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You are here: Home China Emerald (China) Willow

Willow pattern made by Emerald Collection in China

Replacement tableware in the discontinued Willow pattern by Emerald Collection, Made in China.

willow sugar bowl, creamer, salt pepper shakers  Willow by Emerald
  Description: Traditional Blue Willow print on white
  Status: Discontinued:
  Condition: New
willow backstamp

Long ago in far off Cathay, a land now called China, there lived during the reign of Emperors a wealthy Mandarin named T'so Ling. His land holdings were vast and fertile, and his treasures beyond counting. His palace was built of fine woods and rich lacquers with a roof of blue tile that gleamed in the sun, and a handmade fence that ran below the palace. Behind the palace grew an orange tree, and beside the palace ran a river with a graceful willow that gave shade in the heat of the day. See bottom of page for conclusion.

DESCRIPTION item description ITEM ID item identification AVAIL. pieces available PRICE EA. price each piece ADD TO CART shopping cart
Sugar Bowl w/Lid EMEWILsu 1 $23.99 Add to Cart
Creamer EMEWILcr 1 $21.99 Add to Cart
Salt Pepper Shaker (set) EMEWILsps 0 $17.99 Sold
Vegetable Serving Bowl 9 1/8" EMEWILrv 0 $25.99 Sold
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Of all T'so Ling's possessions, his beautiful Princess daughters with their jewel names were his greatest joy. The Mandarin delighted most in his eldest daughter, Koong-se, who he named Topaz, so named for the golden lights that twinkled from her eyes. Topaz passed her days in a summerhouse that leaned over the rippling water, where she did elegant embroidery on silk while listening to tales of old Cathay as told by her faithful nurse, Chun Soy.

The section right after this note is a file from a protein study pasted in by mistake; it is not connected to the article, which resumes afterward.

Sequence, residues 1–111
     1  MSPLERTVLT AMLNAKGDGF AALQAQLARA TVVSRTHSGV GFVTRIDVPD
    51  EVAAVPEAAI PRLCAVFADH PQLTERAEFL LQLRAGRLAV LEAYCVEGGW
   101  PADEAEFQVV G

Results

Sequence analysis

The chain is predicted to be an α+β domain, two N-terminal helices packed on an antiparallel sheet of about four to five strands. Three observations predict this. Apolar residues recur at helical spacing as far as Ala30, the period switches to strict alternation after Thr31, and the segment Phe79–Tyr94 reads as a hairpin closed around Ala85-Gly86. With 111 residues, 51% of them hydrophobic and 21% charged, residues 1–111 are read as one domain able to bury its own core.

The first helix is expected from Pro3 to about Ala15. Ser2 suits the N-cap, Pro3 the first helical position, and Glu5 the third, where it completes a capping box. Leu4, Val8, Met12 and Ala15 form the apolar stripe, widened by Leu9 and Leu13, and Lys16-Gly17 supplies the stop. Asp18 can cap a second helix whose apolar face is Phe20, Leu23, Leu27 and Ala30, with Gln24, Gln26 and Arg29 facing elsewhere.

T'so Ling thought Topaz so lovely that he wished to crown her as Queen. A coronation ceremony was planned, and all the princes, potentates, maharajahs and lords of the realm were invited to attend the coronation. One of the old Mandarins brought a chest of gold so impressive that T'so Ling thought this rich man would make a fine husband for his daughter Topaz. T'so Ling made plans to combine the coronation with a marriage feast.

Topaz heard this news and became quite despondent, for she had fallen in love with a poor, young scholar called Chang. Hearing of this, T'so Ling forbade his daughter to marry Chang. Topaz wandered off into the dark to drown herself. T'so Ling alerted the villagers to search for Topaz with lighted boats and lanterns. During the search Topaz and Chang reunited. In a final burst of lights, Topaz and Chang were illuminated as they changed into Monarch butterflies and escaped into the sky.

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Robbins Nest is an independent licensed retailer. We sell discontinued patterns of china, crystal and flatware via the Internet and telephone orders. We are not affiliated with any of the china companies listed nor responsible for any flaws, defects or use failure in any of the products we sell.

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